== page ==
CIO Spotlight: Dr Tam on the Role of Biopsy in 2017

Alda Tam, MD
Alda Tam, MD

Dr Alda Tam presented the session Understanding the Role of Biopsy at the 2017 Clinical Interventional Oncology Symposium. In this article, Dr Tam provides the reader with a full deciphering of her presentation. Here she explains the role of biopsy in the drug development timeline, the challenges faced by the medical community, and how these challenges can be overcome.

In the opening slides of her presentation Dr Tam, as professor and clinical medical director at the M.D. Anderson Cancer Center in Houston, joins efforts to “make cancer history”, and calls on Bob Dylan in her opening slides to state that “the times, they are a-changing”.
As collaborator for tissue acquisition for several Moon Shot initiatives, she then echoes the White House’s #AmericaLeads presentation from 2015 that states that “where drugs used to be designed with the average patient in mind, now they can be tailored to patients’ specific genetics, microbes and genetic compositions”. 

I – Role of biopsy in the drug development timeline

Current research aims to deliver personalized therapy based on genomic characteristics. From a drug development perspective, any potential agent has to end in a biomarker driven clinical trial before approval. This drug development pipeline relies on image-guided biopsies to determine which patients have the necessary genetic alterations, to look at tumor response, and to study pharmacodynamic relationships. Dancey and colleagues in 2010 demonstrate the various roles that a biopsy can play in clinical trial design and the roles are stratified by order of importance. An integral biopsy will be used to make trial decisions, such as randomization into a treatment arm, and occurs in real time. An integrated biopsy looks at biomarkers for predictive potential or effects of dosing and an exploratory biopsy is used for hypothesis generating analyses. Dr. Tam goes on to give two clinical examples of why mutations matter. The Amado et al. study in 2008 demonstrated that only metastatic colorectal (mCRC) patients who were KRAS wild type (WT) derived benefit from panitumamab monotherapy thereby indicating a role for pre-treatment biopsies to predict response. The second example argues for using image-guided biopsies to determine mechanisms of drug resistance in a BRAF positive melanoma patient with an initial remarkable response to therapy who recurred due to an acquired MEK1 mutation (Wagle et al. 2011).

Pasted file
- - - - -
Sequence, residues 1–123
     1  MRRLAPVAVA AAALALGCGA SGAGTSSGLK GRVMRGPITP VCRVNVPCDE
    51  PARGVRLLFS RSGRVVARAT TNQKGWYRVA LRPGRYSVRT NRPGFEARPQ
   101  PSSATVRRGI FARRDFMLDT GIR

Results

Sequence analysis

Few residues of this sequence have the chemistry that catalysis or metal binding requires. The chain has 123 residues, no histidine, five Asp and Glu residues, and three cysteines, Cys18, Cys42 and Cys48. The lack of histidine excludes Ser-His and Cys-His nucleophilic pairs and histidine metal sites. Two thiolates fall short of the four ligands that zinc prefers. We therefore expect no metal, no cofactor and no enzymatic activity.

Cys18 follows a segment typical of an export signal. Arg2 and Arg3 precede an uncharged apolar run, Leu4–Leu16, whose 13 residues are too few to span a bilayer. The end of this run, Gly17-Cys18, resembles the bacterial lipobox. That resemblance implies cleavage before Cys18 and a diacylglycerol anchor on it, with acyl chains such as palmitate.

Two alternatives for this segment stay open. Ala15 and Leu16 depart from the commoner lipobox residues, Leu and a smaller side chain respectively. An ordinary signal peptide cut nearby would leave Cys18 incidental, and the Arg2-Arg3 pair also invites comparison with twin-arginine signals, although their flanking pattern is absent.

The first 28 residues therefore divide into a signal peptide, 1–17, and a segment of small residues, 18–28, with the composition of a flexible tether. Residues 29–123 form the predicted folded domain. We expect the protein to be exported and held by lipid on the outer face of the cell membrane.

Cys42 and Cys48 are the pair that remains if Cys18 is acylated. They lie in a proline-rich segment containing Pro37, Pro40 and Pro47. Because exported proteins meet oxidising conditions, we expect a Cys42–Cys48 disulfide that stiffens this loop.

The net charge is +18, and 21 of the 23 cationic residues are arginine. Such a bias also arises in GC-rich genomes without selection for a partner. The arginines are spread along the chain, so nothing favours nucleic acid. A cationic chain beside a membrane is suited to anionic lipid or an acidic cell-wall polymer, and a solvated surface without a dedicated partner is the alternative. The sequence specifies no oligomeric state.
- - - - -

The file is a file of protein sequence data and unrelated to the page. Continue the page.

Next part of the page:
At this point in the presentation, Dr Tam has shown her audience that biomarkers are relevant, both in drug development and in the clinical practice setting. However, there are challenges in conducting the biopsies in both these settings which she goes on to explore.

II – Technical and biological challenges met with solutions, described

There are three broad challenges when image-guided biopsies are used to drive clinical trials. The first is a problem with heterogeneity. The landmark paper in the NEJM nicely illustrated the complex issue of intra-tumoral heterogeneity: different mutations exist in different parts of the tumor and in different metastatic sites. Sampling strategies beyond just taking more samples or taking samples at random from different places in the tumor will be needed to overcome this issue.